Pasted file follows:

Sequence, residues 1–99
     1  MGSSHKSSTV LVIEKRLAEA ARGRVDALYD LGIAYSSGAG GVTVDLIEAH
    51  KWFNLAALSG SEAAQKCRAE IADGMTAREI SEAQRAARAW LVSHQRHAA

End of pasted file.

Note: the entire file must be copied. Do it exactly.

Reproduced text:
Sequence, residues 1–99
     1  MGSSHKSSTV LVIEKRLAEA ARGRVDALYD LGIAYSSGAG GVTVDLIEAH
    51  KWFNLAALSG SEAAQKCRAE IADGMTAREI SEAQRAARAW LVSHQRHAA